Dear Olivia,

Oh my sweet eldest daughter, how we have struggled lately. You are volatile, and explosive, and sweet, and kind. I am trying to learn how to teach you that it's okay if you're not the best. It's okay if you make a mistake. It's okay if the squiggly line on your Q goes slightly up instead of perfectly straight down. It's okay if the dot on your i, is slightly larger, or smaller than you were anticipating. It's even okay if you make the line too long and it looks a d instead of an a. Those are little things, my dear. They do not require the catastrophic meltdown that so frequently accompanies such events.
     I know you love to be the fastest, and the smartest, and the best. But sometimes you will lose. And the world will keep turning. Sometimes, even when you run your very fastest, someone else will be faster. But guess what? You are still amazing. You still did your best. I struggle every day trying to figure out how to best teach you that all you need to do is your best, not be the the best. My heart breaks a little as I try to teach you that these are not always the same.
    The other day we went to story time, and the activity after the story was to make a train. Most kids quickly colored their paper so they could hurry and go play with the trains. But not you, Olivia. Oh no, not you. You sat in that chair for 45 minutes, carefully, meticulously, coloring that train. You placed each circle sticker in just the right spot. Picking them up, and replacing them when at second glance didn't meet your expectations. Some kids were already done with their picture AND playing with trains, and you were still messing around with those stickers. I tried to tell you it was good enough, and let's go play, but you didn't even seem to hear me. I love that you have the attention span long enough to sit and do things like that. I love that you want to be so good. I just hope that you know, that it's okay if everything's not perfect. I am drilling this into your head every day, even making you repeat it back to me, but I am not sure the message is sinking in.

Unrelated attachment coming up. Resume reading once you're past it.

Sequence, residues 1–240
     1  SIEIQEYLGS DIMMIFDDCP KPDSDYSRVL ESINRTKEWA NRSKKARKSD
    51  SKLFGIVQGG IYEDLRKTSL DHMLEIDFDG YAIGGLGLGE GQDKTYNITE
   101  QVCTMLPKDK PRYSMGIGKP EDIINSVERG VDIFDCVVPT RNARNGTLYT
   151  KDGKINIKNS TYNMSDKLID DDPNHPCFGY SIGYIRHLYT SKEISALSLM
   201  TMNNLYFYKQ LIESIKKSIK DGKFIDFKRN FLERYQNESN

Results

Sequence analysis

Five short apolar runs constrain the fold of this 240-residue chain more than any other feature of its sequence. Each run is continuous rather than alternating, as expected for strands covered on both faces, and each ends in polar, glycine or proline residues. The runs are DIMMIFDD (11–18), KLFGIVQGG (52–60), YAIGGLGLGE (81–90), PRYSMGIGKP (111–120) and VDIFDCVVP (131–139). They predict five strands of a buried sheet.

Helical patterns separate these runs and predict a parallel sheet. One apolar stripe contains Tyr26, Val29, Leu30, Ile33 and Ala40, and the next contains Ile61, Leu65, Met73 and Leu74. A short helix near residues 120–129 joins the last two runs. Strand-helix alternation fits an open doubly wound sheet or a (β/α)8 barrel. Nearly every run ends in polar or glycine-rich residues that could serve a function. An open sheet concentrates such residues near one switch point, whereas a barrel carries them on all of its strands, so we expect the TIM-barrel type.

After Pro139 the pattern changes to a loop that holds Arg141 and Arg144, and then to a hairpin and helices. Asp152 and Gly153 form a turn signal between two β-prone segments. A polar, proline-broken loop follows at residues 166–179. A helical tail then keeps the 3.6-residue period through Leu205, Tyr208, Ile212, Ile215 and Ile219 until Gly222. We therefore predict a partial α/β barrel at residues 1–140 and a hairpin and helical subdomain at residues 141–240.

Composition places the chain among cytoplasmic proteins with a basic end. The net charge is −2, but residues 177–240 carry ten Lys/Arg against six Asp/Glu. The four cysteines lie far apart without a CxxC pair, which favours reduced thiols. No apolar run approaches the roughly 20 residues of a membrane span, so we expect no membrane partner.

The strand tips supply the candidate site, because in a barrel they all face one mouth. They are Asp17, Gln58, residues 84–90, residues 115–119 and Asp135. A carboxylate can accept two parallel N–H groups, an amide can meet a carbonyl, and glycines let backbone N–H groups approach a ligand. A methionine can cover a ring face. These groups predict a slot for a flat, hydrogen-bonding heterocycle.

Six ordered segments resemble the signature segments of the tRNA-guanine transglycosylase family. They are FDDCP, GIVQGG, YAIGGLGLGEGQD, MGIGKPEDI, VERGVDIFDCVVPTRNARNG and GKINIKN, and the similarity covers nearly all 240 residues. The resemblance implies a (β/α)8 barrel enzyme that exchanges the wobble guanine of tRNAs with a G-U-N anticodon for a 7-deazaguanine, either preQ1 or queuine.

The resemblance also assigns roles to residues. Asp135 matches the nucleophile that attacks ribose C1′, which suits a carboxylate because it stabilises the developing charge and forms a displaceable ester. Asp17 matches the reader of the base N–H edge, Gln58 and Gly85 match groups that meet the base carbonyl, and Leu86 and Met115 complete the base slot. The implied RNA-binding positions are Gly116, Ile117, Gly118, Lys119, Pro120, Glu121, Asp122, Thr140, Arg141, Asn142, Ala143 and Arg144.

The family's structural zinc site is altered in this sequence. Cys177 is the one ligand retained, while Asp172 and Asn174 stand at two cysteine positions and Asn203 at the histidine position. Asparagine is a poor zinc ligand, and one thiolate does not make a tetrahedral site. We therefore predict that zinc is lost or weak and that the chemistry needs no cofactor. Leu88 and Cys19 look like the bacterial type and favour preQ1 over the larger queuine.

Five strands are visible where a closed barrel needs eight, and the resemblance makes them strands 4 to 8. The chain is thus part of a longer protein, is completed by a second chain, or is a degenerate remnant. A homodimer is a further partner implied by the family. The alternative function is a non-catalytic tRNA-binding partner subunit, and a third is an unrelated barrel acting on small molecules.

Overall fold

You are also a natural leader. Yesterday you were playing outside with your "friends" and you were leading them in a game of good vs. evil. These kids were 9 years old, and they were listening to you, and following you around. It gave me a good laugh. Especially when you declared yourself the Queen of Darkness, and said you were going to destroy the entire planet. With the help of your evil father. Seriously, you watch too much super hero television. But still, every where we go people tell me how friendly and outgoing you are. I love that about you.
      I love your desire to do your best. I just hope we can learn to control it a bit more over the years. I hope with experience of losing once in a while you will learn that it's okay. Humility is a hard thing to learn, and I guess I shouldn't expect you to learn it at the age 4.
       I'm sorry, Livie-loo-love, if I've ever done anything to make you think that the world ends if you are not the best. I want you to be happy. I want you to know that our Savior came to this Earth and died for you, so you would not have to be perfect in this life. No matter how hard we try, we will never be perfect. But He was. And that's enough. I hope you learn that, baby girl. I hope I teach you that. Because that's really all that matters. Knowing who Christ was, and that He was perfect, and the only way we will ever be perfect is through Him. 
     I love you. Oh how I love you! You are precious, and you are good, and we'll figure this life out together. Thanks for being guinea pig with this whole parenthood thing.

1 comment:

Lisa Eggs said...

I love that last line, so true of the eldest!